It Won’t Change My Running!

woman-preg

Let’s get things straight, I’m not and never will be a Liz McColgan or a Sonia O’ Sullivan. I am your average, 30-something, 30-miles a week plodder. Try as I might I have never won a race and can’t see that I ever will. But what I do have in common with Liz and Sonia (apart from our taste in sport and washboard tummies – I wish!) is that I too have been a pregnant runner. Unlike them I did not go on to win London Marathon records or win medals at the Sydney Olympics, but metaphorically speaking I’ve been there, done that, cut the cord and got the baby to prove it.

First Trimester (0-3 months)

I began my nine months with grand claims of, “Oh, nothing will stop me running. My baby will be born on a treadmill”. I’d sneak condescending looks at the pram-pushing community and pat my toned thighs, believing that I wouldn’t succumb to the cellulite of motherhood. I’d make it through on salad, yoghurt and a rich helping of mileage – no problem!

Didn’t I soon learn to munch on humble pie?

For the first time in my life, I was no longer in control of my body. From the moment sperm and egg met I became nothing more than a cosy nesting ground for my unborn child. Good intentions and pious claims were swiftly swept under a carpet of stodge. Within weeks of conception my weight soared. I was permanently starving. My stomach seemed to have devised an uncanny trick of making me feel nauseous whenever I felt hungry. And to add a helping of creamy irony to the sticky situation, I’d feel sick and bloated as soon as I’d eaten.

The first trimester also sees the end of your former sleep patterns. Shut-eye becomes the stuff you squeeze in between toilet trips and drink stations. But this somehow worked in my favour. I’d wake at 5am, alert and ready for action. This was the best part of each day for me. I’d put on my kit, and head out the door to run. I’d run when the streets were empty and the air was fresh and cool. I’d drink that freshness and feel it pumping energy around my body. I felt so good when I ran; I was calm and in control. Okay my breathing had altered, I was getting out of breath much more quickly than usual and had to adjust my pace to compensate, but that didn’t matter. Each mile gave me a rush of life, a sense of purpose. I’d return home after a very steady 10K, drenched in sweat but feeling good, really good.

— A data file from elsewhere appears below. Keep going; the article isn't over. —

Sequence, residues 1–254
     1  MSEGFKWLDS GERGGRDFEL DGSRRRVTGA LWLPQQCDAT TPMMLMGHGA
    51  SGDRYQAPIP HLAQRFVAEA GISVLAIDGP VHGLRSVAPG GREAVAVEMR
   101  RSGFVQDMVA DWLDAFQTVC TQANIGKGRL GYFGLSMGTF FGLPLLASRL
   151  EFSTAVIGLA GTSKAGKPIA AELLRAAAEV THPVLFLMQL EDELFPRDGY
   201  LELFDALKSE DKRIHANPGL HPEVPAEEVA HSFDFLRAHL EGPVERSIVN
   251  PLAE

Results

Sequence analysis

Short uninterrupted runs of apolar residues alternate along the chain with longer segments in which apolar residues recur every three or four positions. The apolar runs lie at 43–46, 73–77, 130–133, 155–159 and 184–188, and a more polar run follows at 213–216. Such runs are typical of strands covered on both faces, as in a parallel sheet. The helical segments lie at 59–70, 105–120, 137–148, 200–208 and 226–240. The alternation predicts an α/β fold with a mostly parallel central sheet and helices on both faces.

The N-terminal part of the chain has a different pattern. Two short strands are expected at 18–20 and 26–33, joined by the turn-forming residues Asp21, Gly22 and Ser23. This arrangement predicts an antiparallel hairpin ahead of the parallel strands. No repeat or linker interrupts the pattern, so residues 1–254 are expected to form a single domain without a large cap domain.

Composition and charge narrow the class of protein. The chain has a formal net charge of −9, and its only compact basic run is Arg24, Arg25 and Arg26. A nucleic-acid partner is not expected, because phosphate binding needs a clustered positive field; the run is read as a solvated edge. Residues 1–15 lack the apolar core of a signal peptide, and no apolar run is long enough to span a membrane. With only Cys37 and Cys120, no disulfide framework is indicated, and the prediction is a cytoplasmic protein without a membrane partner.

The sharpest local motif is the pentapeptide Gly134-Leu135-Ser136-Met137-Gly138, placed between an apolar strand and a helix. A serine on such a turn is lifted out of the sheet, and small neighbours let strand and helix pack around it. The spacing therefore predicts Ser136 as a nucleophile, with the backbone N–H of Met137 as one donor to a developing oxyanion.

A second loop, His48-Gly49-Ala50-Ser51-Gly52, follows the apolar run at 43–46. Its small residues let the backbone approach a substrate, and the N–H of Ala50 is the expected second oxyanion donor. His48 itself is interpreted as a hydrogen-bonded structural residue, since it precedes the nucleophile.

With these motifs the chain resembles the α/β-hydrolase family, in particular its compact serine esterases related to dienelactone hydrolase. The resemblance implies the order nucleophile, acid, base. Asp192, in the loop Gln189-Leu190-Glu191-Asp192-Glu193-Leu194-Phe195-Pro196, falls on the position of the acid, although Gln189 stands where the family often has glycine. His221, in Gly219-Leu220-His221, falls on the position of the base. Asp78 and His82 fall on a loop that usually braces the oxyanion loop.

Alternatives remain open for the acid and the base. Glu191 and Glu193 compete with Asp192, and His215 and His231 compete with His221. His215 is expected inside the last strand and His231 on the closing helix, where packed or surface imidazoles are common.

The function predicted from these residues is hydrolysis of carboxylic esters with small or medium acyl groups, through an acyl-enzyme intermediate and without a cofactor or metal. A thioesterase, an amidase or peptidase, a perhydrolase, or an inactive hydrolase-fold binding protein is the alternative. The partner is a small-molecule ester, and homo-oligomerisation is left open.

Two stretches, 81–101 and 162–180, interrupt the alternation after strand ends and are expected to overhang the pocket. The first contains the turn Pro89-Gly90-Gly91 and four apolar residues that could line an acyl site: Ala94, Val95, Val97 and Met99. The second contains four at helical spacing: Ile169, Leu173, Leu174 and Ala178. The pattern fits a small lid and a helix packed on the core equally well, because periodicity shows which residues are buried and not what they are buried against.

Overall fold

During those first three months, contact with the medical profession is kept to a minimum. Naively, I was expecting weekly internals, externals and counselling sessions on being a modern parent – but nothing of the sort emerged. Naturally I wanted the professional green light to go ahead with my training. My first meeting with the doctor was a very light-hearted affair with him practically uncorking champagne to celebrate my news. “Yes, but is it alright to run?” I asked him, “I mean, it won’t fall out or anything will it?” (I was seriously under the impression that my magical little embryo could, in fact, drop out with all this pounding.)

“Good Lord, no,” my doctor laughed. His only advice was that I shouldn’t take up water skiing, as this sort of unexpected douche could do some damage. I assured him that I wasn’t about to embark on a nautical career, and set off for the gym, where I found solace in the whirring of the treadmill’s belt and glowing digital display.

I soon found that my kit, especially my crop tops, became tight and uncomfortable. Trying to yank them over my head became a feat of acrobatic expertise. A great red ring of pinched skin circled my ribs when I eventually got the damn things off. My back, rib cage and boobs were expanding at an alarming rate, and investment in a decent sports bra became essential. The day I bought mine I sighed with indescribable relief. It gave me a new lease of life; I no longer felt like some corseted Victorian lolloping along the roads.

At 11 weeks, something magical happened: I had my first scan, and saw my baby for the first time. The monitor crackled back a ghostly shape of arms and legs and a head with a nose and mouth. The invisible suddenly became visible. It was a miracle that brought me to tears. After that, every time I ran, I held that picture in my mind and thought of it being rocked to sleep by my strides. At last I could see the reason for all the itchy skin and hunger and nausea – my tiny wriggling child was running its own race deep inside of me.